CINCINNATI (WXIX) – Hamilton County won’t see a dime from the Bengals’ naming rights deal with Paycor, according to a cost analysis commissioned by the team.
A top-sheet letter summarizing the findings of the cost analysis was sent to Hamilton County officials on August 22. Read it here.
That analysis, performed by Clark Shaefer Hackett, does not disclose any details about the 16-year sponsorship, including how much Paycor paid to rename Paul Brown Stadium. Yet it remains the only information about the deal the Bengals have provided to the county since the deal was signed on Aug. 7.
Hamilton County owns the stadium and leases it to the Bengals under a 1997 agreement inked after voters approved a half-cent sales tax to build it in 1996. The agreement spells out how the money from a sponsorship deal is distributed.
The Bengals are entitled to the first $61 million from any such deal. After that, the Bengals keep 70 percent of the remaining net revenues, with the county getting the other 30 percent.
Net revenues factor in costs the Bengals must bear in fulfilling the deal, including—”without limitation,” per the lease—advertising, private suites, club seats, tickets and “other products to the naming party.”
The Bengals engaged Downtown Cincinnati-based Clark Shaefer Hackett after signing the Paycor deal to validate its fulfillment obligations and expected net revenues.
The analysis found what Paycor owes the Bengals minus what the Bengals have to do to fulfill the deal won’t exceed that $61 million threshold.
That is, the deal amount isn’t enough to trigger the revenue-sharing portion of the lease, so the County won’t see a 30 percent cut of anything.
Hamilton County officials feared as much when the deal was announced. Commissioner Alicia Reece voiced concerns on Aug. 12, more than a week before the Clark Shaefer Hackett letter. Reece even called for a revised lease agreement so taxpayers aren’t left “on the hook” for the county’s stadium-related debt obligations.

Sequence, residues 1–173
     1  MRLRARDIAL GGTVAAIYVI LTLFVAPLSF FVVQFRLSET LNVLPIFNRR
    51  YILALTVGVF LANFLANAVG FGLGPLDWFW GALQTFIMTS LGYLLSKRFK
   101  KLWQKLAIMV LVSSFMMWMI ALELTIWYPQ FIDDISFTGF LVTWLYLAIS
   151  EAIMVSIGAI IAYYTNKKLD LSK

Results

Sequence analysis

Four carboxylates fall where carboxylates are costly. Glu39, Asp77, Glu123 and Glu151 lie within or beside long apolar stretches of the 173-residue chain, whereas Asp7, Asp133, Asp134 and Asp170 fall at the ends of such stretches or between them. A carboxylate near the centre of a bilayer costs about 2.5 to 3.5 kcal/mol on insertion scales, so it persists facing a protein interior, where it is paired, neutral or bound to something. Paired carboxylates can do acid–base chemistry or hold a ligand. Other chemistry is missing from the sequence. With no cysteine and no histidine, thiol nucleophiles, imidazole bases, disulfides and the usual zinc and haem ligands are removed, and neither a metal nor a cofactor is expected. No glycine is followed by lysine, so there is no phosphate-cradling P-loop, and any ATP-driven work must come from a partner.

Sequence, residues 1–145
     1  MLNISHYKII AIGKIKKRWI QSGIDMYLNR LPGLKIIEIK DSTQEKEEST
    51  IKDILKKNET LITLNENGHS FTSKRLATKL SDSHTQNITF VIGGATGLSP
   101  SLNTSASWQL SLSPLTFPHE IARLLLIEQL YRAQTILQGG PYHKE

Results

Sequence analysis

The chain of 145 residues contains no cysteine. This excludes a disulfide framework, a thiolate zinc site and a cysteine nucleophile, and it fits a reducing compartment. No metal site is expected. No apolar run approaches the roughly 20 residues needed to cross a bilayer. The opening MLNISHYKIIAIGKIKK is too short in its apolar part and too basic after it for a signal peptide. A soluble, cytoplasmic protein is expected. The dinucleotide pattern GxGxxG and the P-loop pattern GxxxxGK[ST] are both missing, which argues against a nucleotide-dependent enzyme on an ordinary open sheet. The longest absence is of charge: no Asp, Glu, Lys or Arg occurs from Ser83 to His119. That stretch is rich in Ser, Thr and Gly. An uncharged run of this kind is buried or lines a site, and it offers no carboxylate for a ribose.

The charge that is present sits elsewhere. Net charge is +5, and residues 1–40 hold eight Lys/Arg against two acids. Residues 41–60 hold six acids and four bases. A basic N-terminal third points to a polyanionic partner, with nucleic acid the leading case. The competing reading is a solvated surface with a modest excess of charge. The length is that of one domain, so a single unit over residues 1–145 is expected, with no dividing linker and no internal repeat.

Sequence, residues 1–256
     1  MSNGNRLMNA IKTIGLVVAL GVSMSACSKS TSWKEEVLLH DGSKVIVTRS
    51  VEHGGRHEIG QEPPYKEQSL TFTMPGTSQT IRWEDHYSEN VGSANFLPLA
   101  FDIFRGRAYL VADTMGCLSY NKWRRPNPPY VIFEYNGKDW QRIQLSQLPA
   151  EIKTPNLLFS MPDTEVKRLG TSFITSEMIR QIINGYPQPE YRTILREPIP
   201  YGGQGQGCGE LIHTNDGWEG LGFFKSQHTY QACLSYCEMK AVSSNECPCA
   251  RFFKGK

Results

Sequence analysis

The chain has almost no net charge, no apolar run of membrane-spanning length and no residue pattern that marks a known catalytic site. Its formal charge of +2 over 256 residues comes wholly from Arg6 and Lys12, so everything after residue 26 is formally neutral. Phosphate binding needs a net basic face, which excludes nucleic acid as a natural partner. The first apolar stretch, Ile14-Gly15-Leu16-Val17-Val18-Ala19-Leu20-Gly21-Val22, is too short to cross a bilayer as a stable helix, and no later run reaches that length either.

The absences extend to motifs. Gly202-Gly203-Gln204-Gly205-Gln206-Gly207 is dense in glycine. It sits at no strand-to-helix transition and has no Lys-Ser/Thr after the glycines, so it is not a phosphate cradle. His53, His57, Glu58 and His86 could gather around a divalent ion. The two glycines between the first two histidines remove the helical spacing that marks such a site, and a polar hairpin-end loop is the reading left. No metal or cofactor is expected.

But so far, the Bengals have not communicated the terms or conditions of the Paycor deal or other sponsorships, according to County spokesperson Bridget Doherty.
The Bengals and team must negotiate a new lease agreement before the current one, signed in 1996, expires in 2026.
The stadium’s 2022 debt and operating expenses are expected to be around $40.1 million. Capital repairs and maintenance will cost another $6 million.
The county brought in an average of $84 million through the half-cent riverfront sales tax 2016-2021.
FOX19 has reached out to the Bengals for comment.
The Bengals’ attorney, Aaron Herzig said in a statement sent to our media partners at the Enquirer that the deal will help the Bengals remain competitive.
“While this agreement will not meet the threshold to get money directly back to the county, it is important to what we hope is our shared goal of allowing the team to continue to be successful here over the long term,” Herzig said. “It helps the team continue to try to compete for top talent even though we are one of the smallest markets in the NFL. It’s a win for the community.”
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